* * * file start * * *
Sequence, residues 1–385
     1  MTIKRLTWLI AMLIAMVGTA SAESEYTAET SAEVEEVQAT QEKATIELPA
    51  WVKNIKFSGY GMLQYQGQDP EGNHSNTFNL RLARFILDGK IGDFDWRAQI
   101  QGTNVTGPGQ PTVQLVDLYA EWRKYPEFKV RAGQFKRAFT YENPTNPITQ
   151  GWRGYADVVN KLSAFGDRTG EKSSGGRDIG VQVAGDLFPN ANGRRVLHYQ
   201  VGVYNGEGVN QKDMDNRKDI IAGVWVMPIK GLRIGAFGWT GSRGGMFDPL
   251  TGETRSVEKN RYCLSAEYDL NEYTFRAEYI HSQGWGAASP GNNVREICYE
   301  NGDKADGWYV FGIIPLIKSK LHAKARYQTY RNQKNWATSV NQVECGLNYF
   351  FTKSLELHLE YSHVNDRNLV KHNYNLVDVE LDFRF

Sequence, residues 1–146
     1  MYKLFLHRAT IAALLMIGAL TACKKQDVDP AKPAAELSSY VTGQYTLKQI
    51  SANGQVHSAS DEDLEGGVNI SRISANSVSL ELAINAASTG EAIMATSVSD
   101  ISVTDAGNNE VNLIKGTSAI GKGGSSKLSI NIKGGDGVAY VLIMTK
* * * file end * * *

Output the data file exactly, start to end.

Sequence, residues 1–385
     1  MTIKRLTWLI AMLIAMVGTA SAESEYTAET SAEVEEVQAT QEKATIELPA
    51  WVKNIKFSGY GMLQYQGQDP EGNHSNTFNL RLARFILDGK IGDFDWRAQI
   101  QGTNVTGPGQ PTVQLVDLYA EWRKYPEFKV RAGQFKRAFT YENPTNPITQ
   151  GWRGYADVVN KLSAFGDRTG EKSSGGRDIG VQVAGDLFPN ANGRRVLHYQ
   201  VGVYNGEGVN QKDMDNRKDI IAGVWVMPIK GLRIGAFGWT GSRGGMFDPL
   251  TGETRSVEKN RYCLSAEYDL NEYTFRAEYI HSQGWGAASP GNNVREICYE
   301  NGDKADGWYV FGIIPLIKSK LHAKARYQTY RNQKNWATSV NQVECGLNYF
   351  FTKSLELHLE YSHVNDRNLV KHNYNLVDVE LDFRF

Sequence, residues 1–146
     1  MYKLFLHRAT IAALLMIGAL TACKKQDVDP AKPAAELSSY VTGQYTLKQI
    51  SANGQVHSAS DEDLEGGVNI SRISANSVSL ELAINAASTG EAIMATSVSD
   101  ISVTDAGNNE VNLIKGTSAI GKGGSSKLSI NIKGGDGVAY VLIMTK